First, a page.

- Path Planner using Mixed-Integer Linear Programming
- Model Predictive Control of UAV with Obstacle Avoidance
- AMPL Interface for Matlab
- GLPSOL Interface for Matlab

**All software on this page is provided purely for demonstration to researchers.**

This free Matlab utility and (optional) graphical front end allow you to solve 2-D path-planning problems with obstacle avoidance. You will need:

- The path-planner files milp_path.m (the core Matlab function) and milp_path.mod (the AMPL model file). Type "help milp_path" at the Matlab prompt for usage, or use the GUI.
- The AMPL interface for Matlab and the GLPSOL interface for Matlab.
- The Gnu Linear Programming Kit, including GLPSOL, the stand-alone solver - see http://www.gnu.org/software/glpk/.
- The optional GUI files milp_path_gui.m (the Matlab GUI function); milp_path_gui.fig (the Matlab GUI figure file); milp_help.html (the GUI help file); and milp_example.mat (an example data file). Type "milp_path_gui" at the Matlab prompt to run. Use the "Help" menu to learn more or use "File>Load" to open the example problem.

From this page you can download MATLAB and AMPL code to simulate robust Model Predictive Control (MPC) of a UAV with obstacle avoidance constraints using Mixed-Integer Linear Programming (MILP) (see figure at right: click to enlarge). The example runs within Matlab under Windows using the free trial edition of AMPL/CPLEX.

- Download the (free) student edition of AMLP from http://www.ampl.com
- Unpack the AMPL package to a directory of your choice (this is a simple unzipping operation - you do not need administrator rights to install AMPL)
- Click here to download the zip file of the example code.
- Unpack the example zip file to a directory.
- Edit the file 'myampl.bat' so that the AMPL directory from Step 2 is added to your 'path' variable.
- In Matlab, go the example directory from Step 4, and run the
script 'uavsmall.m'.
*You should see some optimization messages and then the figure shown above.*

- You can change the parameters of the problem in the file 'uavsmall.m' to investigate different scenarios. However, the parameters provided in the example have been chosen to suit the limits of the student edition of AMPL. More complicated problems will most likely require the full version of AMPL/CPLEX. You will get an AMPL error message if the problem is too big for the student version.
- Researchers using this software (or software derived from it) in their own work should cite this paper: Arthur Richards and Jonathan How, "Model Predictive Control of Vehicle Maneuvers with Guaranteed Completion Time and Robust Feasibility" American Control Conference, Denver, Colorado, June 2003.
- This software was originally developed at the Aerospace Controls Laboratory, Department of Aeronautics and Astronautics, MIT

These Matlab utilities generate parameter entries in AMPL data files to represent data values generated in Matlab. For example, the following Matlab code

rts = [3 -1; 7 1.5]'; fid=fopen('milppath.dat','w'); AMPLmatrix(fid,'ro',rts); fclose(fid);produces a file named "milppath.dat" containing the following AMPL code

param ro : 1 2 := 1 3.00000000000000 7.00000000000000 2 -1.00000000000000 1.50000000000000 ;As well as the matrix utility shown in this example, other functions are provided to generate scalars, vectors, 3-D matrices, and integer forms of all of these elements. See http://www.ampl.com for details about AMPL.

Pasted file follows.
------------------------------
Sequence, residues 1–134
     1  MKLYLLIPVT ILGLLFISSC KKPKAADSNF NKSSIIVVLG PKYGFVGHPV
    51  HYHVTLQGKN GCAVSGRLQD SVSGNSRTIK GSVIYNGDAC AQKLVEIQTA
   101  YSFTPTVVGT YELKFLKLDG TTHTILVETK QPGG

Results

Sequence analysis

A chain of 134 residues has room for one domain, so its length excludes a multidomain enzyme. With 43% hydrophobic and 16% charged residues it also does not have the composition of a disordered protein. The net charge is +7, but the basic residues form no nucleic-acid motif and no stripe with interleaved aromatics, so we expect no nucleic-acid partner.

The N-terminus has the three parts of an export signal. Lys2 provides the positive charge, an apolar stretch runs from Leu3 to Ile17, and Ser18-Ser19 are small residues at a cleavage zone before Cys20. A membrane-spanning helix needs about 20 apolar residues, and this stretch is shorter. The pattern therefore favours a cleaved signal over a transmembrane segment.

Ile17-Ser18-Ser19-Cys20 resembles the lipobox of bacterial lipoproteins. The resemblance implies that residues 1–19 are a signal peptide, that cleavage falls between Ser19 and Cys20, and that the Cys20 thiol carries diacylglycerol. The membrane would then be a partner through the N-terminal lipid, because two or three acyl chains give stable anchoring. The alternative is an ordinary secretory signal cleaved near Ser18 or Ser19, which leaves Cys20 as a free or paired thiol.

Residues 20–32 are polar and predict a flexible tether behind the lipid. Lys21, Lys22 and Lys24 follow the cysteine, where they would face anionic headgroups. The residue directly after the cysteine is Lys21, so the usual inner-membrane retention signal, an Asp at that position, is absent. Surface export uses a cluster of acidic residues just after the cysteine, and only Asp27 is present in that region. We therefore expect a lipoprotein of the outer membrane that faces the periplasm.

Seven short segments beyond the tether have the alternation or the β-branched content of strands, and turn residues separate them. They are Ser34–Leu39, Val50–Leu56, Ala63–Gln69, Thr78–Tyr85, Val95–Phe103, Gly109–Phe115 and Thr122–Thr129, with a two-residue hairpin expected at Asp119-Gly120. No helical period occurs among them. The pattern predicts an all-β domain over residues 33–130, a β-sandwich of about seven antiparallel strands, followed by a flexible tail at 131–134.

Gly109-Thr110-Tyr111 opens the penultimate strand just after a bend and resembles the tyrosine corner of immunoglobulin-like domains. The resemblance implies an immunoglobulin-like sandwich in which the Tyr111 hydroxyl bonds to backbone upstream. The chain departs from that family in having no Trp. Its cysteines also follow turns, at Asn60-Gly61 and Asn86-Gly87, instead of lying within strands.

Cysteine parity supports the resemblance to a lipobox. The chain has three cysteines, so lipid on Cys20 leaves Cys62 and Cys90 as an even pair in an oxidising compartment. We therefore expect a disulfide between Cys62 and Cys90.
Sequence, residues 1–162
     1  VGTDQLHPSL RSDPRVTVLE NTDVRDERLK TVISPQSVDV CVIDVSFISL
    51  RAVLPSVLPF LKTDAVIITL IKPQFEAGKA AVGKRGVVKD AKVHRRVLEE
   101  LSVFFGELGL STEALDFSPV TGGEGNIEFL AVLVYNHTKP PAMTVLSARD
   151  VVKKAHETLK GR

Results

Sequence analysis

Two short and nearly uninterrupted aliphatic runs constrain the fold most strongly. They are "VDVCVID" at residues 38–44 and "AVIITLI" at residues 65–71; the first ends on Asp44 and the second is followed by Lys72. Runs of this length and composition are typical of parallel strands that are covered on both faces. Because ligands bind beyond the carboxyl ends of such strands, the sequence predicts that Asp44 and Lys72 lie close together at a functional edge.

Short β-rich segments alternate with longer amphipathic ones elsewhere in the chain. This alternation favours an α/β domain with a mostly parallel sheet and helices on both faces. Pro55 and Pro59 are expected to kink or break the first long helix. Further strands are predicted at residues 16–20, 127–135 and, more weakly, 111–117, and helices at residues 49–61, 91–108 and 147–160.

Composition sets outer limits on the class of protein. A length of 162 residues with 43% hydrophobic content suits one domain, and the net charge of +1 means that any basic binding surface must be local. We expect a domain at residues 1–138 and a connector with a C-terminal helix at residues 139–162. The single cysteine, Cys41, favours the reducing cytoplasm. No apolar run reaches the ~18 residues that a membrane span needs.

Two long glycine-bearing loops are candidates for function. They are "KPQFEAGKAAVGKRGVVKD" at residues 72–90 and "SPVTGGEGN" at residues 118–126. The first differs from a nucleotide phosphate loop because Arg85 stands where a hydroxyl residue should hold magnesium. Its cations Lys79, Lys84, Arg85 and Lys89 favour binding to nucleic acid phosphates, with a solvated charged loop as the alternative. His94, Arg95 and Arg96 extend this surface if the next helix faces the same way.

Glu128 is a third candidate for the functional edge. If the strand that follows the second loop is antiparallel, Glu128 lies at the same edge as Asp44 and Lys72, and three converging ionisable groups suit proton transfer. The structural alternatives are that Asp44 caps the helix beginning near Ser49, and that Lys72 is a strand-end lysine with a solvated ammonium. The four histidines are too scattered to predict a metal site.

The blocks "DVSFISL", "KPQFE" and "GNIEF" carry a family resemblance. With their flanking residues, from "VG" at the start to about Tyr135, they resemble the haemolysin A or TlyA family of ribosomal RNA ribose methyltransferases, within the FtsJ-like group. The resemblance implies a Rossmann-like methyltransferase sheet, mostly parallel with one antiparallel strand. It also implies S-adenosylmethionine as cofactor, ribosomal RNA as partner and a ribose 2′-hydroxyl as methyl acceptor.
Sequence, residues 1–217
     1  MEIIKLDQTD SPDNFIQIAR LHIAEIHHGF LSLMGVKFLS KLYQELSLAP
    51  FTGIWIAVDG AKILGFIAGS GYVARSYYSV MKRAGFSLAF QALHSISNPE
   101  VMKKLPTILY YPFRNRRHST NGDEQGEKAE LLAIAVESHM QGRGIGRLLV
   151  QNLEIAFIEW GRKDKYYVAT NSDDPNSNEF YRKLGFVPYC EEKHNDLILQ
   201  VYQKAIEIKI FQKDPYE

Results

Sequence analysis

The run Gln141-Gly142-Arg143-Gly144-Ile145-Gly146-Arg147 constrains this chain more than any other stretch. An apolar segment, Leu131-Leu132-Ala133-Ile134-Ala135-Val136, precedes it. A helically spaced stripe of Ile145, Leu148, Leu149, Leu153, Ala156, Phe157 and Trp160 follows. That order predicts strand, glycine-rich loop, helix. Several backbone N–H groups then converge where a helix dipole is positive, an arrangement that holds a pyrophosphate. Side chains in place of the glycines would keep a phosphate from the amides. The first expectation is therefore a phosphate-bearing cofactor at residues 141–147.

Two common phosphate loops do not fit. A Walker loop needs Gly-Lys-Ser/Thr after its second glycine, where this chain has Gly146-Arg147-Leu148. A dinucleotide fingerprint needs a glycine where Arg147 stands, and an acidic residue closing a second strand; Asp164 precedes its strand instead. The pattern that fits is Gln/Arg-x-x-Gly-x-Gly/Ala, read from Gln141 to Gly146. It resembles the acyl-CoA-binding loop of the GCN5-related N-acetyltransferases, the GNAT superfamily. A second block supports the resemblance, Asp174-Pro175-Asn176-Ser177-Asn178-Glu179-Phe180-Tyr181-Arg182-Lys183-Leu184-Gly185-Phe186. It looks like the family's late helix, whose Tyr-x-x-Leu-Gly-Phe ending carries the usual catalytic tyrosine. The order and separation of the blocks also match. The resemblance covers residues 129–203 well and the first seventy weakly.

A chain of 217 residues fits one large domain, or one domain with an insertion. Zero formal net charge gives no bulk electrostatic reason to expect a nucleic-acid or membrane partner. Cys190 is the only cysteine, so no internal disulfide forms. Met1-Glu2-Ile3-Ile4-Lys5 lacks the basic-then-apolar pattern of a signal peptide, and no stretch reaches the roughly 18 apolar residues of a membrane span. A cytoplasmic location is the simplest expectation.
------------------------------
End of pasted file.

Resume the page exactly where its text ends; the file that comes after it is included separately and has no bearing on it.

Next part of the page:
The author uses the interface to embed AMPL-based optimisation within Matlab programs. The AMPL model and script files are written by hand. A Matlab script is used to process and generate the data values, write the AMPL parameter file, invoke AMPL using a system call, read the AMPL output file and post-process the results. The UAV demonstration below employs these utilities.

The same utilities can be used with GLPK (GNU Linear Programming Kit). The GLPK MathProg language is a subset of AMPL. See http://www.gnu.org/software/glpk for details. The GLPSOL Interface for Matlab below provides a utility for reading in the results from GLPSOL.

- AMPLcomment.m
- AMPLmatrix.m
- AMPLmatrixint.m
- AMPLmtrx3d.m
- AMPLscalar.m
- AMPLscalarint.m
- AMPLvector.m
- AMPLvectorint.m

GLPSOL is the stand-alone MILP solver that comes with GLPK, the GNU Linear Programming Kit. See http://www.gnu.org/software/glpk for more information and access to GLPK download sites. GLPSOL can read most AMPL models and data using the "-m" and "-d" options (see GLPK documentation or use "glpsol -h" for details.) However, the detailed output format provided by the "-o" option is, to my knowledge, unique. The "glpkread.m" Matlab utility provided here reads the GLPSOL output file and returns solution values in Matlab variables. For example, the following Matlab command

>> [flag,xm,ym] = glpkread('data.txt','x','y')will open the file "data.txt" and, if it can understand it as a GLPSOL output file and find the decision variables "x" and "y", it will read the value of GLPK variable "x" into Matlab variable "xm" and GLPK variable "y" into Matlab variable "ym". The Matlab variable "flag" will be set to 1 if a status line indicating successful solution was found, or will be 0 otherwise. Use

>>help glpkreadfor details.

File has been renamed from ".m" extension to ".m.txt" to prevent confusion by browsers